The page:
The benefits of the evolved storytelling model are obvious: it allows the narrator to interact with the audience, to react to the material while relaying it, and to laugh off mistakes – all the while maintaining the ambiance of a theatrical production. And so we saw Heeba Shah give a wide grin when she briefly stumbled at one point in her telling of Chhui Muee, a scathing critique of gender and class relations seen through the prism of childbirth. We saw Ratna Pathak Shah stop mid-sentence and chastise an audience member for leaving their cell phone on while narrating Mughal Bacha (originally published as Ghoongat), a funny and also incredibly sad lesson on love and ego. And we saw Naseeruddin Shah chuckle frequently through his telling of Gharwali, a hilarious literary treatise on the patriarchal concept of honour. Of course, given Shah’s skill as an actor, it is perfectly possible that the chuckling was intentional, but the point remains that the storytelling model allowed him to use it.
Over the course of an hour and some minutes, the three actors enthralled the audience with their charged performances. My only peeve was that Mughal Bacha was narrated in too low a voice; the audience had to strain to hear Ratna Pathak Shah. But Ratna Ji also served us one of the evening’s most memorable scenes, in which she prepared to say her prayers while building up to the climax of the story. The quiet, deliberate movements with which she performed the wuzu and wrapped her head scarf created an aura of both piety and dread as we waited to hear what would ultimately become of Kaalay Mian’s and Gori Bi’s unfortunate marriage.
It was testament to the strength of Chughtai’s writing and Shah’s direction that the theatrical aspects of the production never overpowered the stories. It seemed as though the Shah family was simply the channel; ultimately it was Ismat Apa whose voice emerged the strongest – unapologetic, unflinching – and that was exactly how it should have been.
The second standing ovation of the night came when the actors converged on stage to take their bows. By this time, the applause was not just for Naseeruddin Shah. All three actors had, in their own way and style, owned the stories they had told. They had truly celebrated Ismat Chughtai, and in doing so they had done us a service. As Shah had pointed out in his introduction, Chughtai never got the recognition she deserved in her own country. Despite her obvious literary talents and diverse body of work, she forever became known as the woman who wrote Lihaf. The stories showcased in this production demonstrated that Chughtai was never one to step back from difficult themes, but the mere implication of lesbianism in Lihaf had caused a scandal that she was never quite able to overcome in the course of her career, or indeed even after she died. Every time Motley Theatre performs Ismat Apa Ke Naam, it reclaims some of the space, inch by precious inch, that should legitimately have been hers. And for that we are grateful.
The NAPA International Theatre Festival 2014 is on ’till 27th March. Get details for the event here.
Onwards with our exclusive coverage of the IV Goa Arts and Literary Festival!
Somewhere between sessions and panel discussions, we caught up with Pakistani writer Bilal
Tanweer who was launching his debut novel The Scatter Here is Too Great at GALF 2013. Bilal is a writer, teacher and translator. He holds an MFA in Writing (Fiction) from Columbia University, and is the founder of the fantastic LUMS Young Writers Workshop and Short Story Contest, now entering its third year. The Scatter Here is Too Great was published by Random House India in November 2013.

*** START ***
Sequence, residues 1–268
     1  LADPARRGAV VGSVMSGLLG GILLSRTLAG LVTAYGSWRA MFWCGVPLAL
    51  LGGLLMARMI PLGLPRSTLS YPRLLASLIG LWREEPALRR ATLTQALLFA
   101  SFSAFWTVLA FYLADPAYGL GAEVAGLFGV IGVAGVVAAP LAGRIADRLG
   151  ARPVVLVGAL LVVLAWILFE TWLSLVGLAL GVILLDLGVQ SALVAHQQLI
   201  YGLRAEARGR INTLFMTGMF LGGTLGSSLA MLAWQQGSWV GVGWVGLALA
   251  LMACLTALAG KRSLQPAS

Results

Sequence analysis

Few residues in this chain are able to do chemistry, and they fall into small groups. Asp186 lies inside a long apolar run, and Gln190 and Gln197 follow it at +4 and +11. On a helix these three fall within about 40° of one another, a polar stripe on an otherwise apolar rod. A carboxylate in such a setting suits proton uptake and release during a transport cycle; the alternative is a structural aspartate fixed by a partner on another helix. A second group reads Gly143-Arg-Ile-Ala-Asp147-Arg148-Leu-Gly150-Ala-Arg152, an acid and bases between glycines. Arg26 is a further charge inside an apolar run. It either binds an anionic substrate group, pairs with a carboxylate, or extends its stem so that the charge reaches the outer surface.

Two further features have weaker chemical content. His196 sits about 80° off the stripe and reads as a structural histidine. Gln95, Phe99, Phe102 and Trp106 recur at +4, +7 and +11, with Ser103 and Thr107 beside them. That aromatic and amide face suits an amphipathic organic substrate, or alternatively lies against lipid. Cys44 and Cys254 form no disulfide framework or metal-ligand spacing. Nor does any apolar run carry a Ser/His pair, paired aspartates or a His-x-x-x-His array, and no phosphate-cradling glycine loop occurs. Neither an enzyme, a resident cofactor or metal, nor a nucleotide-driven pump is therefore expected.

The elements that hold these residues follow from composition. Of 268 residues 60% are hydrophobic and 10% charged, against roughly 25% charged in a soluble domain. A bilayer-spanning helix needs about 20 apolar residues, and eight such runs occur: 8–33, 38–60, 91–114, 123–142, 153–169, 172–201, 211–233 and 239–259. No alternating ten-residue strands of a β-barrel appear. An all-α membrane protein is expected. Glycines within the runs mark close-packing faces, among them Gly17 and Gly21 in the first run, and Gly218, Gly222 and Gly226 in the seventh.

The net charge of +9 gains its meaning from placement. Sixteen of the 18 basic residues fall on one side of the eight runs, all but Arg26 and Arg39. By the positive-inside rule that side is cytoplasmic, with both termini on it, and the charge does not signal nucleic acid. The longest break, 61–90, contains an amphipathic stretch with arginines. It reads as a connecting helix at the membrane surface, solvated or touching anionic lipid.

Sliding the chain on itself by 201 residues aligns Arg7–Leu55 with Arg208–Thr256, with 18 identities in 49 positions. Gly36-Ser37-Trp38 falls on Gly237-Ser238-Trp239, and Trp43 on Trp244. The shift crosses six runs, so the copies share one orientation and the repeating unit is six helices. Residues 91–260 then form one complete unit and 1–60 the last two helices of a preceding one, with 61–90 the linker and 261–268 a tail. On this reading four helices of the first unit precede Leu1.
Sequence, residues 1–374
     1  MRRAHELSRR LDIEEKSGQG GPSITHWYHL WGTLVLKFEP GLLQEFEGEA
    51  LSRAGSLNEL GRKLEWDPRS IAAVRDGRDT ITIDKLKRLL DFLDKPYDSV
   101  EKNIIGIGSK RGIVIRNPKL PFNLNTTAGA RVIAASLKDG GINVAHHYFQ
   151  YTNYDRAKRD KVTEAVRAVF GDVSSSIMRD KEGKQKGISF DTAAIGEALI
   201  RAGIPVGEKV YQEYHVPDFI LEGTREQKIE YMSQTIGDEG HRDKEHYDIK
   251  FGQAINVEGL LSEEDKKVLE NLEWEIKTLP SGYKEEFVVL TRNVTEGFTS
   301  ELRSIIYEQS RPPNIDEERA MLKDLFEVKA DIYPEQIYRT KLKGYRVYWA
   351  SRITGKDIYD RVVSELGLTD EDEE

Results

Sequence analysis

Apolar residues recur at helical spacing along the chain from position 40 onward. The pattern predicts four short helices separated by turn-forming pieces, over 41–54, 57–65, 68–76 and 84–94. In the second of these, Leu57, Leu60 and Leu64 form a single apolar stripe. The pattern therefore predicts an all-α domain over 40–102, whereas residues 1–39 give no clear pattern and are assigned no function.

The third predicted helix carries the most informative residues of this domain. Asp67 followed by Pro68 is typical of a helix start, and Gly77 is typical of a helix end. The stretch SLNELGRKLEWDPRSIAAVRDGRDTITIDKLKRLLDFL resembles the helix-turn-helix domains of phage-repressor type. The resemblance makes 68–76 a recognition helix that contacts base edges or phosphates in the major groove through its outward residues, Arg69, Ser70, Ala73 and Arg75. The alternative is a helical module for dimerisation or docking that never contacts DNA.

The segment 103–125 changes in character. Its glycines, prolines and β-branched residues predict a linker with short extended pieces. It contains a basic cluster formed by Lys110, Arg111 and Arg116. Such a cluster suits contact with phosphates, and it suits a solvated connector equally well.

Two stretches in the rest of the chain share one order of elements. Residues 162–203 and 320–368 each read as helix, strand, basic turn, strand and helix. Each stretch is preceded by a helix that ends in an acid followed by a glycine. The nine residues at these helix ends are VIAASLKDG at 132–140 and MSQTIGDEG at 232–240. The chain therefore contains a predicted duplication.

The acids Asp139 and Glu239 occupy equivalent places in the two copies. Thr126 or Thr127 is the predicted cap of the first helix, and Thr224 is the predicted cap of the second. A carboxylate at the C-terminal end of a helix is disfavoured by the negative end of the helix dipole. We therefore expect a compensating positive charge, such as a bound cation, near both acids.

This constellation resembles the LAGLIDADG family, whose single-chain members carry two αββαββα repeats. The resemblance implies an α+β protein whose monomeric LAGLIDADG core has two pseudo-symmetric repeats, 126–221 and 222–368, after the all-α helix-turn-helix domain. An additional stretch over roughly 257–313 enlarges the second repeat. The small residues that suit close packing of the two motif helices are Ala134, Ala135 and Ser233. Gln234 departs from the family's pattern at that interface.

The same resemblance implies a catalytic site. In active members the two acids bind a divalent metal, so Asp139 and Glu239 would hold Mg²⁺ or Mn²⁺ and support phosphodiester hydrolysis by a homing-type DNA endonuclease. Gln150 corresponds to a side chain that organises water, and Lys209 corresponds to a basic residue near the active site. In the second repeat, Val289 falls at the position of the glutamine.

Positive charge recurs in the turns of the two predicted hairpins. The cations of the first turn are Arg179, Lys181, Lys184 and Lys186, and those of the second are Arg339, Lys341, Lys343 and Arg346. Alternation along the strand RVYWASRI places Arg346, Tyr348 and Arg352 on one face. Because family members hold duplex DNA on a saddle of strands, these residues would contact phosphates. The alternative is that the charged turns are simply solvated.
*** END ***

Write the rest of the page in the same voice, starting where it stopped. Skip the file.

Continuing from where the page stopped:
Farheen Zehra (FZ) Tell us a little about the book and the title. Why “The Scatter Here is Too Great”?
Bilal Tanweer (BT) Among the various themes of the novel, one of the themes is our need to tell stories. My book is composed of short inter-related stories, through which I have tried to make sense of Karachi’s reality. Life in this city is overwhelming and I think we use stories to make sense of our own stories, which is a major theme of the book.
(FZ) The blurb on your book says, ‘This is a love story to Karachi’. Is it really, and if so, why?
(BT) We travel to many cities but there is always one city inside us that we care about the most, which becomes a primary reference point for us to make sense of the world. For me that city is Karachi. It is the city I care about the most. But it is also a madly, ruinously complex city and one may never find a story that does complete justice to it.
(FZ) Have you focused on any particular area of Karachi or written about it as a whole?
(BT) Karachi is such a huge city that it is impossible to think of the complete picture. My narratives are as limited as they can possibly get. Each story is from the point of view of a particular character. The first story is from the P.O.V of a child from a middle class family. Then there is one sketch of a boy from Nazimabad. The book depicts stories of everyday people living in the chaos that is Karachi and I hope readers from Karachi might be able to relate to the stories.
(FZ) So who is your intended audience?
(BT) I think the whole question of ‘audience’ is very muddled. As a writer, I’m not focused on the audience. The reality of publishing is that the people who are paying you to write are abroad. In my case, all my intellectual training is in English but that doesn’t mean I was thinking of a reader in New York while writing the book, because that reader can never understand Karachi the same way. As far as I’m concerned, I am the first and foremost audience of my work.
(FZ) Why launch the book at GALF?
(BT) The organizers invited me to launch my book here. It’s a great festival with brilliant conversations on the margin so I think it was a very appropriate setting for my book launch. Also, I love Goa. It makes me think of Karachi of yore, which comes as no surprise as both the cities share strong connections and similarities.
The Scatter Here is Too Great is the DWL Karachi Readers’ Club’s first read for 2014.